Also, be sure to check out our gardening blog at www.lazygardenerandfriends.com.

                                             ABOUT US


. . . but Brenda Beust Smith is also:

   * a national award-winning writer & editor
   * a nationally-published writer & 
   * a national horticultural speaker
   * a former Houston Chronicle reporter
When the Chronicle discontinued Brenda's 45-year-old Lazy Gardener" print column a couple of years ago, it ranked as the longest-running, continuously-published local newspaper column in the Greater Houston area.

Brenda's gradual sideways step from Chronicle reporter into gardening writing led first to an 18-year series of when-to-do-what Lazy Gardener Calendars, then to her Lazy Gardener's Guide book and now to her Lazy Gardener's Guide on CD (which retails for $20. However, $5 of every sale is returned to the sponsoring group at her speaking engagements).

A Harris County Master Gardener, Brenda has served on the boards of many Greater Houston area horticulture organizations and has hosted local radio and TV shows, most notably a 10+-year Lazy Gardener run on HoustonPBS (Ch. 8) and her call-in "EcoGardening" show on KPFT-FM. 

In addition to her position as Production Editor on the Garden Club of America's magazine and her freelance writing career, Brenda's latest venture is "THE LAZY GARDENER'S & FRIENDS HOUSTON GARDEN NEWSLETTER" with John Ferguson and Mark Bowen of Nature's Way Resources. 

A native of New Orleans and graduate of St. Agnes Academy and the University of Houston, Brenda lives in Aldine and is married to the now retired Aldine High School Coach Bill Smith. They have one son, Blake.

John Ferguson
John is a native Houstonian and has over 27 years of business experience. He owns Nature's Way Resources, a composting company that specializes in high quality compost, mulch, and soil mixes. He holds a MS degree in Physics and Geology and is a licensed Soil Scientist in Texas. John has won many awards in horticulture and environmental issues. He represents the composting industry on the Houston-Galveston Area Council for solid waste. His personal garden has been featured in several horticultural books and "Better Homes and Gardens" magazine. His business has been recognized in the Wall Street Journal for the quality and value of their products. He is a member of the Physics Honor Society and many other professional societies. John is is the co-author of the book Organic Management for the Professional.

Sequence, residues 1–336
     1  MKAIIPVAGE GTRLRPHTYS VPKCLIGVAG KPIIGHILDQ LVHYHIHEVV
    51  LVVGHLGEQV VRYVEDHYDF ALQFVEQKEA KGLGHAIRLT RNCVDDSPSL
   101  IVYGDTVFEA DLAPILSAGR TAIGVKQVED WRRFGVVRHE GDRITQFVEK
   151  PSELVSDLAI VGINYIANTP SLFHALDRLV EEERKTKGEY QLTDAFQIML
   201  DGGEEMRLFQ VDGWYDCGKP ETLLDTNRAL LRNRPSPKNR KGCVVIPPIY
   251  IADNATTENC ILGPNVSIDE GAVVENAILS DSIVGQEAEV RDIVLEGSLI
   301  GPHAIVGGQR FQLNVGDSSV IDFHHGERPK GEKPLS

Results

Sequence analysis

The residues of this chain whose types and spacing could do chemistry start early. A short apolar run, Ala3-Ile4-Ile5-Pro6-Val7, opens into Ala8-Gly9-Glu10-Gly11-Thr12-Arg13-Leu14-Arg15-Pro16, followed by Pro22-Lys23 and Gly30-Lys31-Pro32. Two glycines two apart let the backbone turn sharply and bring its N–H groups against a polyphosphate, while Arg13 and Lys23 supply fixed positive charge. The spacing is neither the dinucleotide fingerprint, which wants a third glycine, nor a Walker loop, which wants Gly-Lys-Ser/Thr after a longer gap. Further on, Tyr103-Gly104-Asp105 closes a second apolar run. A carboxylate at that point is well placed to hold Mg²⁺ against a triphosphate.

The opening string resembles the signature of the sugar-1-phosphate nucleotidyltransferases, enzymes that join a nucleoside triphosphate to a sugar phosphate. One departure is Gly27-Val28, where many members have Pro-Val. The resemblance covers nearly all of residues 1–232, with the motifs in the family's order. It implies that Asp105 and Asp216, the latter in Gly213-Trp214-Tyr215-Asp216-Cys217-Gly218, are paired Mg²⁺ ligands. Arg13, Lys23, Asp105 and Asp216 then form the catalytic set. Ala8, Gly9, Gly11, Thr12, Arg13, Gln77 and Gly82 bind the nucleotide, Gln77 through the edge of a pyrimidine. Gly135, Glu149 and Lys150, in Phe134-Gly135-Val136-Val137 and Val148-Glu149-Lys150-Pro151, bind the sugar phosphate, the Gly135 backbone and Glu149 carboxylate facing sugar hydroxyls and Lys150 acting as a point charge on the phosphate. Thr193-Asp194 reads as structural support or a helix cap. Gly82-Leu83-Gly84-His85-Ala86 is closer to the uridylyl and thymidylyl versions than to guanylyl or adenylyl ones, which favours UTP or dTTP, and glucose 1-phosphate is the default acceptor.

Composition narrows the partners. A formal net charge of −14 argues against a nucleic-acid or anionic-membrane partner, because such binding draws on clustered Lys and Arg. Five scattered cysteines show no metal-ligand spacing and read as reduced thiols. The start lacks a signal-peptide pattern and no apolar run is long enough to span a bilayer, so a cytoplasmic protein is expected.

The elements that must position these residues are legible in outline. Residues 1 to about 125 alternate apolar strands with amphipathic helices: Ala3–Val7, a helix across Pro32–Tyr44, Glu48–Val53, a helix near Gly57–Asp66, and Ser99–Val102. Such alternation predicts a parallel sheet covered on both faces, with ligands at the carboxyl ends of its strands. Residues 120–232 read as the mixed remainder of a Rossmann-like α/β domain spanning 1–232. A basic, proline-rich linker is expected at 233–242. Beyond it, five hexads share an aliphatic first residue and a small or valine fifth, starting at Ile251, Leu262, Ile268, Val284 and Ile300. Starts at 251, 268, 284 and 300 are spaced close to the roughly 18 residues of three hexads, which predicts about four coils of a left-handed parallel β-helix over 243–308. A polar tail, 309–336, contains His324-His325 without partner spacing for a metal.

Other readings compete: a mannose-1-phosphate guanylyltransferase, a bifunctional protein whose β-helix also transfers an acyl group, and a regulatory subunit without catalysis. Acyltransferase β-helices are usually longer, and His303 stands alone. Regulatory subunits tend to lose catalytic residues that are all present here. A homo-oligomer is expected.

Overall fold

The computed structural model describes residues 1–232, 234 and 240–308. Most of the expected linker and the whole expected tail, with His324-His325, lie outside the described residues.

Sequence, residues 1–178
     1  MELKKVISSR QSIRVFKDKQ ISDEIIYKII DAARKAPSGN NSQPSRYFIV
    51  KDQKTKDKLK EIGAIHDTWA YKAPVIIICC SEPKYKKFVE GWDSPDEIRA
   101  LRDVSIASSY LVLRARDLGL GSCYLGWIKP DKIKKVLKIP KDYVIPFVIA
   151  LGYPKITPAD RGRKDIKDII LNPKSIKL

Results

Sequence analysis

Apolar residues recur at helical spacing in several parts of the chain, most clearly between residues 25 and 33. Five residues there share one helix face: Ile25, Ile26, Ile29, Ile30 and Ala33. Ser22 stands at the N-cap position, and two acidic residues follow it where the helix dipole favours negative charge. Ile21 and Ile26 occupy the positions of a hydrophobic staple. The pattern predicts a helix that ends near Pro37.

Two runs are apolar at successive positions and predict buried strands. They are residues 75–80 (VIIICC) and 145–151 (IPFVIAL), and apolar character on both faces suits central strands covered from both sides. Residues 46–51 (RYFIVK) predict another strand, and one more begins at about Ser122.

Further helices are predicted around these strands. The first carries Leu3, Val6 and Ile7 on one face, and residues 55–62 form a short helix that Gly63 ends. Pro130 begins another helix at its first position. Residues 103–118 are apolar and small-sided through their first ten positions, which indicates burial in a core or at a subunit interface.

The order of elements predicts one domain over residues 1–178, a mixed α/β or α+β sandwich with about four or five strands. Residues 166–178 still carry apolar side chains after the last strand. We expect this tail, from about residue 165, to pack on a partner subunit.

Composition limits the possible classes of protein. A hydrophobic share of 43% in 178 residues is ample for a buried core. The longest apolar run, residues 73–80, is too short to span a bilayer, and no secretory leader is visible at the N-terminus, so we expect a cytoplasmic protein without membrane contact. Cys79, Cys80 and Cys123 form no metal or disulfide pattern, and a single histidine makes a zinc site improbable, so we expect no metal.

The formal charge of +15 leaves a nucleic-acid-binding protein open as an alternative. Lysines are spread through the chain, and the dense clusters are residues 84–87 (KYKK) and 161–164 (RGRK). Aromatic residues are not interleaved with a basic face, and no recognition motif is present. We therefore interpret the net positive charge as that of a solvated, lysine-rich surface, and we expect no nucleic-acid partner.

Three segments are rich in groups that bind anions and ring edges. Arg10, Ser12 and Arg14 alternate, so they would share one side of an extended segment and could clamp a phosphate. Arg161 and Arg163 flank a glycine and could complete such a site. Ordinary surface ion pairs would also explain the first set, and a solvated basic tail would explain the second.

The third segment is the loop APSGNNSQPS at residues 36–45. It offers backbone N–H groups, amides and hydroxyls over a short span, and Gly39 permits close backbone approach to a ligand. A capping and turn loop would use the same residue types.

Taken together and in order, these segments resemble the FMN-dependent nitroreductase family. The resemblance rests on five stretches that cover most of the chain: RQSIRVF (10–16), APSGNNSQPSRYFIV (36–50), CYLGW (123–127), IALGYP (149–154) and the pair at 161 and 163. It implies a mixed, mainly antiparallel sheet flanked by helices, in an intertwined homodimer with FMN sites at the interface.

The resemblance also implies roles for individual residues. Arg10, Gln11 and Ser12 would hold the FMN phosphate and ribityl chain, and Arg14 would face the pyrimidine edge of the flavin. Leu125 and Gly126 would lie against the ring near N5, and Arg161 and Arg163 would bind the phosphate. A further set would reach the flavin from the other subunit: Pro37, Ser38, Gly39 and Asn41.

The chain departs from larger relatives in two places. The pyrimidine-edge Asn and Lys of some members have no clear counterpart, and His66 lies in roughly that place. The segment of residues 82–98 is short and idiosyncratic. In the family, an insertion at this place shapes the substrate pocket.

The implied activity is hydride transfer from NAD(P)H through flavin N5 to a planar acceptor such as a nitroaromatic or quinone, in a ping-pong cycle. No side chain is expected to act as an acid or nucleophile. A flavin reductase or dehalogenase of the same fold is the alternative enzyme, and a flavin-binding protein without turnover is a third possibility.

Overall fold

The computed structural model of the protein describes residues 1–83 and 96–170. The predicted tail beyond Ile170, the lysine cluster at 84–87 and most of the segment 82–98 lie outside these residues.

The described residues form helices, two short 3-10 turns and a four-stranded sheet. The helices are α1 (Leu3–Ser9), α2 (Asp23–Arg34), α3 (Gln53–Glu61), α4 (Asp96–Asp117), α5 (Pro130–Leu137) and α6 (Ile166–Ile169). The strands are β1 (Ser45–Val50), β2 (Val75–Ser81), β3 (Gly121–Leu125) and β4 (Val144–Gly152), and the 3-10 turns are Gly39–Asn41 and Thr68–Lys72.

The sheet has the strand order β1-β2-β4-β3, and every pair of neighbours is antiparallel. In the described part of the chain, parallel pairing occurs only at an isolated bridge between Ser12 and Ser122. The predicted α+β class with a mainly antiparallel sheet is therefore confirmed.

Mark Bowen
Mark is a native Houstonian, a horticulturist and organic specialist with a background in garden design, natural habitat restoration and organic project management. He is currently the general manager of Nature's Way Resources. Mark is also the co-author of the book Habitat Gardening for Houston and Southeast Texas, the author of the book Naturalistic Landscaping for the Gulf Coast, co-author of the Bayou Planting Guide and contributing landscape designer for the book Landscaping Homes: Texas. 
Pablo Hernandez
Pablo Hernandez is the special projects coordinator for Nature's Way Resources. His realm of responsibilities include: serving as a webmaster, IT support, technical problem solving/troubleshooting, metrics management and quality control. Pablo helps this newsletter happen from a technical support standpoint.